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Published August 2, 2017 | Submitted
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Empirically Evaluating the Electoral College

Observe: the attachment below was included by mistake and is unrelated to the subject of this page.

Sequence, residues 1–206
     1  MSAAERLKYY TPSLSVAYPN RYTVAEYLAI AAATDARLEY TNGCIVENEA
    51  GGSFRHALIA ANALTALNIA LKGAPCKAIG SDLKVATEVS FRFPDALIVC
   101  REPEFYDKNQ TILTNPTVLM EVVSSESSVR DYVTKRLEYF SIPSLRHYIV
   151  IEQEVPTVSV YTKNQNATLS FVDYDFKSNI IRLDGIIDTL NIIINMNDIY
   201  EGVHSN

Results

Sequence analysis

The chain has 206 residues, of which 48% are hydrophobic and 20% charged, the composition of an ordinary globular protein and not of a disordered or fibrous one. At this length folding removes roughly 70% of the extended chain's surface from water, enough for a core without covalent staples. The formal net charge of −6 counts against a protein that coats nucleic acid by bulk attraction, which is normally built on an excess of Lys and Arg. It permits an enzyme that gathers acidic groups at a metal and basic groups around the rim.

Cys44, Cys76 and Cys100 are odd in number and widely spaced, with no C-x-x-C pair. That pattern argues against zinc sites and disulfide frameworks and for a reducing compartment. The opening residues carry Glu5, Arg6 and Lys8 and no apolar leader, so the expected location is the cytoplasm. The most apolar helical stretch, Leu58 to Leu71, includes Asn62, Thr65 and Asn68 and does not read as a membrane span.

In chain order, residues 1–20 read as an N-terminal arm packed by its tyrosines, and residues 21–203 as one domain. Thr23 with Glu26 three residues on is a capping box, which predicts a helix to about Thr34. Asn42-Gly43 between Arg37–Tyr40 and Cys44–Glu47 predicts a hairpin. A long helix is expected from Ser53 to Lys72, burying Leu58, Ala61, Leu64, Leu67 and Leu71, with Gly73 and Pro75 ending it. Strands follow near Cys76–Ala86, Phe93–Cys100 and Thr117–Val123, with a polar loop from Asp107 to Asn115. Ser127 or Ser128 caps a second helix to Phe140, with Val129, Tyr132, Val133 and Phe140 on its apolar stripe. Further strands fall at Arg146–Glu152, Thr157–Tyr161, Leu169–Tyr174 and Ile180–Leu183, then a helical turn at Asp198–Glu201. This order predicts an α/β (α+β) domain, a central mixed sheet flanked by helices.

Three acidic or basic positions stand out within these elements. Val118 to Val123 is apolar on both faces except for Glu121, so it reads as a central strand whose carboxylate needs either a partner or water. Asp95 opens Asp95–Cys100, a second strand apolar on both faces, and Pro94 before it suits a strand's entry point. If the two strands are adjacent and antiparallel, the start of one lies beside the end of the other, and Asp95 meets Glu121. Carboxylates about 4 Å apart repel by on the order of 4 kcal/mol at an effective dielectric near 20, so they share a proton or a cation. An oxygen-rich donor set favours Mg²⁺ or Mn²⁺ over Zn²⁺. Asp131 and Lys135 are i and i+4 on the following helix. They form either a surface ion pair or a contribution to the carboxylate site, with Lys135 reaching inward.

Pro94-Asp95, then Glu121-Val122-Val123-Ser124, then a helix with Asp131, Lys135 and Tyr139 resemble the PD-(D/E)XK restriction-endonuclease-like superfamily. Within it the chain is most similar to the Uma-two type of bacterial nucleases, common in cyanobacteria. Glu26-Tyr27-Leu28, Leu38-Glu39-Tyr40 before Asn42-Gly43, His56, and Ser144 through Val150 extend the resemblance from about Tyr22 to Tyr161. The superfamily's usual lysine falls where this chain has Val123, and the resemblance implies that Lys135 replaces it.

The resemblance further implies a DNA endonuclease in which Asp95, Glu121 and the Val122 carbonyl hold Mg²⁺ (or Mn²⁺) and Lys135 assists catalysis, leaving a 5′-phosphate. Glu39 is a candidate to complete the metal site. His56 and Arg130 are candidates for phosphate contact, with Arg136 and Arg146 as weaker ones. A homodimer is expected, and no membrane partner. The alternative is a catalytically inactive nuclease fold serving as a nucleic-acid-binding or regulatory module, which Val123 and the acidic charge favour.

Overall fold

The 2000 U.S. presidential election has once again rekindled interest in possible electoral reform including the possible elimination of the Electoral College. Most arguments against the Electoral College have either been based on ancedotal evidence from particular elections or on highly stylized formal models We take a very different approach here. We develop a set of statistical models based on historical election results to evaluate the Electoral College as it has performed in practice. Thus, while we do not directly address the normative question of the value of the U.S. Electoral College, this paper does provide the necessary tools and evidence to make such an evaluation. We show that when one preforms such an analysis there is not much basis to argue for reforming the Electoral College. We first show that while the Electoral College may once have been biased against the Democrats, given the current distribution of voters, neither party is advantaged by the system. Further, the electoral vote will differ from the popular vote will only when the average votes shares are very close to a half. We then show that while there has been much temporal variation in voting power over the last several decades, the voting power of individual citizens would not likely increase under a popular vote system of electing the president.

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